cacheSection = sectionCache.GetData(sectionName) as NullCacheItem<ConfigurationSection>;
                    if (cacheSection == null)
                    {
                         cacheSection = new NullCacheItem<ConfigurationSection>()
                         {
                              Value = SqlConfigurationManager.GetSection(sectionName, data) as ConfigurationSection
                         };

                    sectionCache.Add(cacheSection,
                         new AbsoluteCacheExpiration(new TimeSpan(0, _sectionCacheTimeout, 0)),
                         sectionName);
                    }
               }
          }
          catch (Exception ex)
          {
               // handle internal exception
               ExceptionManager.HandleException(ex);
          }
     }

     if (cacheSection != null)
          if (!cacheSection.IsNull)
               return cacheSection.Value;
     return null;
}

It’s very easy to implement and adds a lot of value.

Note: The above is real world code using the object. This provides the spirit of the code, but is not just copy paste run code.

Happy Coding!

Visual Studio 2008 Designer crashes when editing WPF xaml…

I have been banging my head on the wall about my Visual Studio just disappearing from view whenever I open one of my WPF forms. As you can imagine, this puts a pretty big cramp in development efforts when you can never use the designer.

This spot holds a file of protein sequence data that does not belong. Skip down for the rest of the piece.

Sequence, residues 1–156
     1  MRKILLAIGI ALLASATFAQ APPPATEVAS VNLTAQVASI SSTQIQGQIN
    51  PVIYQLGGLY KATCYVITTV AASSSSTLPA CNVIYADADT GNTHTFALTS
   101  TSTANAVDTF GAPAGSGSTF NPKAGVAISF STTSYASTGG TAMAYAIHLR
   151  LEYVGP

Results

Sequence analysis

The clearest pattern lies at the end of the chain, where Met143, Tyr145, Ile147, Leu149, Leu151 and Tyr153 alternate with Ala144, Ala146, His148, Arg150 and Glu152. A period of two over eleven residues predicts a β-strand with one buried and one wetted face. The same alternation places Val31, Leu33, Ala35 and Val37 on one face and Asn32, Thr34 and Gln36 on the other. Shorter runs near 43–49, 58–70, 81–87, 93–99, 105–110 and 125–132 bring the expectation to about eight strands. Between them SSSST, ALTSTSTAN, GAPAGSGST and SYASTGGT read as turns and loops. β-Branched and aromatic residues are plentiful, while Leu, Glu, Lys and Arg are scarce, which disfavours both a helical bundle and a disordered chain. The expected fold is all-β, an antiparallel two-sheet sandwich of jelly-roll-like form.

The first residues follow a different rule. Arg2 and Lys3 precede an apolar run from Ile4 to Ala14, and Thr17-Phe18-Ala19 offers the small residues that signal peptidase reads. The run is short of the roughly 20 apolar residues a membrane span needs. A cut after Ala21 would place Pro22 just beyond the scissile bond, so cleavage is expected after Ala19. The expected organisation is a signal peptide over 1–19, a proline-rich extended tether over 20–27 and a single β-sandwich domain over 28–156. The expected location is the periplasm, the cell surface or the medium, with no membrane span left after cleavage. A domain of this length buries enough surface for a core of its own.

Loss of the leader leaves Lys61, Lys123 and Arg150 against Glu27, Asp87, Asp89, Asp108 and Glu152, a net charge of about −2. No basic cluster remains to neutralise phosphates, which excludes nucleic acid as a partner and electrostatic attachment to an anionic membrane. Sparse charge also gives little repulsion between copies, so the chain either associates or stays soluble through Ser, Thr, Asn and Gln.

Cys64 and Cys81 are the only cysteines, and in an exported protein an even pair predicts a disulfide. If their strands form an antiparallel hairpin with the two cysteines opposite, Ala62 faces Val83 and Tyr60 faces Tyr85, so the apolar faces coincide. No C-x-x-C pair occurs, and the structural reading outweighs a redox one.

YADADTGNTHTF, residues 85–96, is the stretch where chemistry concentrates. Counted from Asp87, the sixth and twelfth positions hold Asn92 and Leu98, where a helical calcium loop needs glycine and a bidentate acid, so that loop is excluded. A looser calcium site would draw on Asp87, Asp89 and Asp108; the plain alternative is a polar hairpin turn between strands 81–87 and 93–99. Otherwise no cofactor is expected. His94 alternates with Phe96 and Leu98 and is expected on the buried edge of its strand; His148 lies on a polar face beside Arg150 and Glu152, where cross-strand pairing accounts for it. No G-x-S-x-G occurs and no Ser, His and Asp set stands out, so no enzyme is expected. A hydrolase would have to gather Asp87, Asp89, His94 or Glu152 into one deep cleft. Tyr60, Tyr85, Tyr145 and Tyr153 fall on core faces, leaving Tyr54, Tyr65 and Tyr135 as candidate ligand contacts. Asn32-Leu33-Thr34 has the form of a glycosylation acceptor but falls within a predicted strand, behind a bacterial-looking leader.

I looked in my event viewer and found this error hanging out.

Event Type:	Error
Event Source:	.NET Runtime
Event Category:	None
Event ID:	1023
Date:		3/10/2010
Time:		11:03:02 AM
User:		N/A
Computer:	BSEEKFORD00111
Description:
.NET Runtime version 2.0.50727.3603 - Fatal Execution Engine Error (7A2E10D2) (0)

For more information, see Help and Support Center at http://go.microsoft.com/fwlink/events.asp.

The resolution is that it turns out your probably installed Power Commands for Visual Studio 2008. You can uninstall them, which sucks. Or you can apply a really easy patch.

Go to your devenv.exe.config file sitting in your Program FilesMicrosoft Visual Studio 9Common7IDE

Add this to the bottom of the dependent assemblies section:

<dependentAssembly>

<assemblyIdentity name="Microsoft.PowerCommands" publicKeyToken="null" culture="neutral"/>

<codeBase version="1.1.0.0" href="C:Program FilesPowerCommandsMicrosoft.PowerCommands.dll"/>

</dependentAssembly>

Start Visual Studio back up and rock on.

Note: Make sure the path you enter matches where everything is installed. DUH!

Credits to these guys for all their help.

Happy Coding!